On 16 September 1999, the Accused were ordered to attack three East Timorese civilians suspected of being independence supporters. Cab shot an arrow into one of the victims’ throats and hit him on the head with a stone, resulting in death. Cloe, Fuli and Lelan led another victim behind his house, subsequent to which Fuli and Lelan attacked the second victim with a machete and knife, resulting in death. Finally, Cloe and Fuli severely beat and kicked a third victim for approximately half an hour in view of other villagers (para. 10). 

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Core legal questions

  • Does co-perpetration as a mode of liability require that the accused inflicted some of the wounds himself or that death was caused as a result of the wounds inflicted by the accused?
  • Would a conviction for the crime against humanity of murder violate the principle of nullum crimen sine lege due to the fact that Regulation 2000/15 criminalising the offense did not exist at the time of the commission of the alleged acts?
  • Are superior orders a defence to criminal responsibility?
  • Which mitigating and aggravating circumstances may be taken into consideration at sentencing?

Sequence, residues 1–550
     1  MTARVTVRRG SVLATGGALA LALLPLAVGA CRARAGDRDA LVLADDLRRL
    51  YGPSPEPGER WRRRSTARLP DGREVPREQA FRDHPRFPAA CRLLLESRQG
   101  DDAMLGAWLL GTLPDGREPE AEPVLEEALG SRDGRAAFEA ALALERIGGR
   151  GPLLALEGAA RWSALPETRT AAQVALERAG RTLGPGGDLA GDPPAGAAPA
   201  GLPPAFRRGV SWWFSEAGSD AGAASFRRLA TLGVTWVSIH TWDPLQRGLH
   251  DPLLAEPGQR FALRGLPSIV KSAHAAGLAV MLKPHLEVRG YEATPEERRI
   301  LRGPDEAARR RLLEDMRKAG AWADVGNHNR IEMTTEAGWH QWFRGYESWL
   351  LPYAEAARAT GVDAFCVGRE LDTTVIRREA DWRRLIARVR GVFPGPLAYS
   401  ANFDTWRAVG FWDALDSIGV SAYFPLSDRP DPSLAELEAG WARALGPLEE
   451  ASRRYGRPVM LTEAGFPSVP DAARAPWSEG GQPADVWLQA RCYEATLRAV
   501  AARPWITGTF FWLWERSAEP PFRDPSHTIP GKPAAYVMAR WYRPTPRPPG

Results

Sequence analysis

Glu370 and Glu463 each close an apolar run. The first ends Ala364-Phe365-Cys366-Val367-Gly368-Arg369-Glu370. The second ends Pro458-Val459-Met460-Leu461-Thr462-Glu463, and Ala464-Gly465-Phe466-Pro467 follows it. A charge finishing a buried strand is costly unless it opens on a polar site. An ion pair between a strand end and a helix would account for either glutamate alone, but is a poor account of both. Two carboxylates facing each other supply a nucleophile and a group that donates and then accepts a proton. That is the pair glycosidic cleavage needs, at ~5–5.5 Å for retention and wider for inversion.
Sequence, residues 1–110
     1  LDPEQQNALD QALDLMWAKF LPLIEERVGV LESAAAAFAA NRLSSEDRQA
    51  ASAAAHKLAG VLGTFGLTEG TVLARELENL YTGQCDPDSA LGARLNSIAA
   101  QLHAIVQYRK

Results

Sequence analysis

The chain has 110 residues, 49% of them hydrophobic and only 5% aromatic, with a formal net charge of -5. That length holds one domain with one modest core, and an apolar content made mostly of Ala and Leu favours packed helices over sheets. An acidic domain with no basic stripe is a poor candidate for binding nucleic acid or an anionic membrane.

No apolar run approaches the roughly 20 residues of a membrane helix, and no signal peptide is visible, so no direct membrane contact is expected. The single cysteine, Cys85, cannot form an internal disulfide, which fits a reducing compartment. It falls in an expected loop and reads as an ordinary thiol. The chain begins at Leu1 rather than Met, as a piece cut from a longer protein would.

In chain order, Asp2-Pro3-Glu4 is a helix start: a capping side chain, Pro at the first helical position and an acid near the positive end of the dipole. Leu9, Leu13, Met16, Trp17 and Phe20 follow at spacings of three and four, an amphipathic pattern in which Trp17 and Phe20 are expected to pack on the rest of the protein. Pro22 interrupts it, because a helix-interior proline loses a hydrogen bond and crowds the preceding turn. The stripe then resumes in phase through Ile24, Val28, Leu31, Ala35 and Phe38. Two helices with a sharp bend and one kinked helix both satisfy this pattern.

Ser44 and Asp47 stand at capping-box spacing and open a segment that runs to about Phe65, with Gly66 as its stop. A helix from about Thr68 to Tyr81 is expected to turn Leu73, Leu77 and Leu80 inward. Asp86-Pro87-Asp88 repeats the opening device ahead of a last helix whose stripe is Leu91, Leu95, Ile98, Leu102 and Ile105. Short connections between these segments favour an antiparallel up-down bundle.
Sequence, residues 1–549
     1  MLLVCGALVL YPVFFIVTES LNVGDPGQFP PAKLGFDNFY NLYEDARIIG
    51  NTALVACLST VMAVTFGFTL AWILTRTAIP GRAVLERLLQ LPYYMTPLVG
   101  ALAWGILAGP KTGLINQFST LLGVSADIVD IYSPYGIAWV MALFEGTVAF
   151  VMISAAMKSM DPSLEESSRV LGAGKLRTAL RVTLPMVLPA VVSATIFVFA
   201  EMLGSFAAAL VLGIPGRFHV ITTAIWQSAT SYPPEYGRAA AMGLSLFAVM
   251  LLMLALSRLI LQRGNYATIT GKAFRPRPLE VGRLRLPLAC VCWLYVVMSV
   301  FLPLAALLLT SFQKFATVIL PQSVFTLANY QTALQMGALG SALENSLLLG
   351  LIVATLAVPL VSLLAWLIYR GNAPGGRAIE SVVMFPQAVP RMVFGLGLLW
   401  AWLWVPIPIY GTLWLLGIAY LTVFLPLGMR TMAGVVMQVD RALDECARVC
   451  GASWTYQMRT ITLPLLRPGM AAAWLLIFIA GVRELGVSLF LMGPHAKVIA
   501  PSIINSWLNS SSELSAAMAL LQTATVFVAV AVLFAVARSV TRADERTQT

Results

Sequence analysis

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Specific legal rules and provisions

  • Section 5.1(a) of UNTAET Regulation 2000/15.
  • Section 9.1 of the Constitution of East Timor.

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Court's holding and analysis

To establish co-perpetration, it suffices that the accused acted purposely in collaboration, even if a certain accused did not inflict a wound himself. There is no need for the Court to determine whether death would have been caused solely by the wounds inflicted by a certain accused (para. 12).

The offense of murder as a crime against humanity is a crime under customary international law that has been criminalised for more than half a century. Consequently, the non-existence of Regulation 2000/15 at the time of commission of the criminal acts would not render a conviction for this offence a violation of the principle of nullum crimen sine lege as customary law is as much law as written law (paras. 13-14).

Superior orders is no defence to the individual criminal responsibility of the Accused; it may only be taken into consideration as a mitigating factor at sentencing (para. 16).

Aggravating factors taken into consideration include the brutality and callousness with which the crimes were committed, and that the victims were fellow countrymen of the Accused. Mitigating circumstances include obeying superior orders, and that the Accused were victims of the circumstances themselves, as the hostilities were driven by the Indonesian armed forces (para.20).

Cab, Fuli and Lelan were sentenced to five years’ imprisonment; Cloe to four years. 

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Further analysis

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Instruments cited

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Additional materials